Bearded Dragon: Husbandry

Bearded dragons belong to the genus Pogona and are native to Australia and New Guinea. The species most often found in the pet trade is Pogona vitticeps, although some herpiculturists are now breeding Pogona barbata in captivity. The bearded dragons (often referred to as ‘beardies’) that are for sale in the U.S. today have been domestically bred. They generally have a calm temperament and adapt well to handling.

In the wild, bearded dragons live in dry regions, such as deserts and arid woodlands. When not near civilization, they are found on tree trunks, branches and in bushes, and are excellent climbers. When nears cities, they are often found on telephone poles or other man-made wooden vertical structures. In the cooler temperatures of early morning and late afternoon, they often bask in the sun. They are diurnal but may burrow during the day to avoid the excessive heat.

Bearded dragons are omnivores, eating insects, carrion, snails and slugs, as well as fruit, greens and flowers. The diet is thought to change from omnivorous to more herbivorous as the beardie ages. Unfortunately, in captivity bearded dragons often become addicted to a worm and cricket diet, and unless introduced to vegetables and fruits while young, they may not accept these when they get older. This can lead to kidney disease from excessive protein intake and calcium deficiency from the inherent difficulty of supplementing calcium sufficiently to counteract the phosphorous found in the exoskeleton of the insects consumed.

Rarely will a bearded dragon that has been handled and acclimated to captivity threaten to bite. If they do, they will open their mouth in a gaping pose and flare out their beard, which usually has turned black. Minor irritation will sometimes be shown in captivity with a blackening of the beard only.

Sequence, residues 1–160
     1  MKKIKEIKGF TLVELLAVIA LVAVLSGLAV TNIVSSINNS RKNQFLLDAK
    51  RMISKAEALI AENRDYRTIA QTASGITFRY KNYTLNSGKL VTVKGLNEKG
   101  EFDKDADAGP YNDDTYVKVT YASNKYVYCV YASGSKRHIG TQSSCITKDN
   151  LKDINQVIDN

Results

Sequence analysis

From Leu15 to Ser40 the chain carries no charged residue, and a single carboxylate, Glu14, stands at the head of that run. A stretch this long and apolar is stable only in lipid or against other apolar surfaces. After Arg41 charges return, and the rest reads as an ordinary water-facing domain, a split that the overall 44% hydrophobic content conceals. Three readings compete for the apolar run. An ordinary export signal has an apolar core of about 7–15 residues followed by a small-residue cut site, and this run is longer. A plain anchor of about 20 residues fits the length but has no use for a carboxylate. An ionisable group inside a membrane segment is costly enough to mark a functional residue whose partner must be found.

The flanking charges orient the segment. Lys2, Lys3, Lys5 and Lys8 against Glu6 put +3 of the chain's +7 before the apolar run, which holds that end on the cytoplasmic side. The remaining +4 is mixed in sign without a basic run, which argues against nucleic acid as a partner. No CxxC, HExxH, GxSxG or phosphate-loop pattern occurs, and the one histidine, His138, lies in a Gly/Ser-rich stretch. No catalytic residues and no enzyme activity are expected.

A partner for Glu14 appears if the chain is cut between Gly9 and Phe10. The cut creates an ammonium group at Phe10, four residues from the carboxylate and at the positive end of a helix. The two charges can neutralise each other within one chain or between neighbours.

Young beardies, females soliciting a mate, and submissive males will “wave” as a way of communicating nonaggression. Bearded dragons reach sexual maturity at one to two years of age.

Males can be differentiated from females by the presence of femoral pores. These do not develop to prominence until the beardie matures, so young bearded dragons are difficult to sex.

Females may lay eggs that are fertile, or ovulate without a male present and lay infertile eggs. Newly hatched bearded dragons weigh about 2 grams and are banded in color.

Although they are not large lizards, beardies do best in larger enclosures. Mature males can usually not be housed together, since they are territorial. Larger beardies may eat small hatchlings, and these should not be housed together.

A 20 inch long aquarium is the minimum size for a single adult bearded dragon – larger and taller is better. They prefer to climb to a higher level in the wild – no doubt to be out of the reach of predators. Whatever enclosure is selected, it should be large enough to provide a temperature gradient both horizontally and vertically. To allow for ventilation, it is ideal to have one or two sides of the enclosure made out of screen. Make sure the enclosure’s lid is heavy enough to hold a UV light and a light for basking.